Theater workers' head injuries often go unreported
(HealthDay)—Concussions are common among theater workers and even actors, but perhaps because the show must go on, these head injuries get little attention, a new study finds.
Ohio University researchers did an online survey of 209 people in the theater industry. Most had production or technical roles, such as lighting technician or stage manager.
Two-thirds of the respondents said they'd suffered at least one head impact while working in a theater, and nearly 40 percent said they'd had more than five.
Most who sought medical help were diagnosed with a concussion. Of those with concussions, 28 percent did not get recommended care, such as a reduced schedule allowing a gradual return to work.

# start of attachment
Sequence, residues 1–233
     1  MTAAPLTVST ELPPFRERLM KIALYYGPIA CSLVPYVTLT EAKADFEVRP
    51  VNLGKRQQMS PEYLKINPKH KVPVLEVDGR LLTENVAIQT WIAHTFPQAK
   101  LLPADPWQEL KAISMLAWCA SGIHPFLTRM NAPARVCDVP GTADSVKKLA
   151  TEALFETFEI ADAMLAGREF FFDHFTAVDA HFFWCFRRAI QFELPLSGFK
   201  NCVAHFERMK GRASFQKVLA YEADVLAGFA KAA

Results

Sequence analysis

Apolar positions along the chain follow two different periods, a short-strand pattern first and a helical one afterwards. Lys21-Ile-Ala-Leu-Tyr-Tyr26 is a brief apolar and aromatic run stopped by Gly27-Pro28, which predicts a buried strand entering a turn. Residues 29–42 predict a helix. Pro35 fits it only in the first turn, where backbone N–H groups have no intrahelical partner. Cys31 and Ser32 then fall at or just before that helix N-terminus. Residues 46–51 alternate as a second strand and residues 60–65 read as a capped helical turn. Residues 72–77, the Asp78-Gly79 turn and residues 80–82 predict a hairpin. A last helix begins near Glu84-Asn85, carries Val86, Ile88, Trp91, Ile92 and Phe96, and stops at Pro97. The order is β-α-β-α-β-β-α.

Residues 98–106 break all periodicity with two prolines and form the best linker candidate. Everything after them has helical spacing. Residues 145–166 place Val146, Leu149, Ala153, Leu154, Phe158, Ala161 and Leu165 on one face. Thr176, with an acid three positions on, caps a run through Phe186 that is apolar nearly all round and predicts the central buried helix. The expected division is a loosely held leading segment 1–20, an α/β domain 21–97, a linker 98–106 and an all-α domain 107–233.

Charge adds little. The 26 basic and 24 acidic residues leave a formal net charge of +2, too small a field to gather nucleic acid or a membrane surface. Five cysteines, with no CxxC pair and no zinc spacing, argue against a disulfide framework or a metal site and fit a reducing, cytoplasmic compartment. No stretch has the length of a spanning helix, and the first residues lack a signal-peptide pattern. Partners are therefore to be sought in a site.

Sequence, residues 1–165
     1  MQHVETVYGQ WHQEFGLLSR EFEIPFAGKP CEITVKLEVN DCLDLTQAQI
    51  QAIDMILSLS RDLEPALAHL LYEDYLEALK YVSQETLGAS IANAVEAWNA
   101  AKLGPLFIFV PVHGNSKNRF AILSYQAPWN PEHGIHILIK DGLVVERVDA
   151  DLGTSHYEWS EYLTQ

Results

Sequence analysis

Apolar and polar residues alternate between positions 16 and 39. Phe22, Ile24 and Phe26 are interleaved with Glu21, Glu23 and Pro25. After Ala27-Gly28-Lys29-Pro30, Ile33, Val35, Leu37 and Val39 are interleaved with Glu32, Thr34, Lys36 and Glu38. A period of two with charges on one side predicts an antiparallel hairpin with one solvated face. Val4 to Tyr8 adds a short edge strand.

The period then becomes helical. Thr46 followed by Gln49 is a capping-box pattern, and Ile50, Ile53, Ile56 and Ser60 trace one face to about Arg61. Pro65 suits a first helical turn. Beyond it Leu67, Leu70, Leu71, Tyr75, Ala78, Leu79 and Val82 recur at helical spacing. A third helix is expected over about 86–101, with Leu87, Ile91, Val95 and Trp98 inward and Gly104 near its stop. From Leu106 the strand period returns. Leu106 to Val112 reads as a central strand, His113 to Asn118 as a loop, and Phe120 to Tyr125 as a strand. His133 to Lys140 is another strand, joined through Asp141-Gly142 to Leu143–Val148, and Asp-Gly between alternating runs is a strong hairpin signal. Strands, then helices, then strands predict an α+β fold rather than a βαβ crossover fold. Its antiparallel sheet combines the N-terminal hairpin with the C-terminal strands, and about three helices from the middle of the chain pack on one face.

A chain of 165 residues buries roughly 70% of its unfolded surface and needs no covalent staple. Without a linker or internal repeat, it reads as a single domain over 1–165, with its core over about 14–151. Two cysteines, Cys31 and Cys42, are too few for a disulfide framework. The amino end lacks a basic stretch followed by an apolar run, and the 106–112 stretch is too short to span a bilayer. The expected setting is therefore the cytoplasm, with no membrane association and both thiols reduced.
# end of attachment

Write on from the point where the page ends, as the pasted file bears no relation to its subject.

Nearly all concussion research focuses on athletes. But theaters have many head injury hazards, including dim lighting, backstage equipment and stage combat, the study authors noted.
Lead author Jeffrey Russell, director of science and health in artistic performance at Ohio University, said the study shows that theater workers have high rates of head injury, and that concussions are often unreported, undiagnosed and undertreated.
The study was published in the March issue of the Journal of Occupational and Environmental Medicine.
"A move is needed toward adopting methods that increase awareness of the prevalence and seriousness of occupational injury in theater," the study authors wrote in a journal news release. In addition, theater personnel must have access to "definitive, evidence-based health care" for work-related concussions.
The American Academy of Family Physicians has more on concussion.
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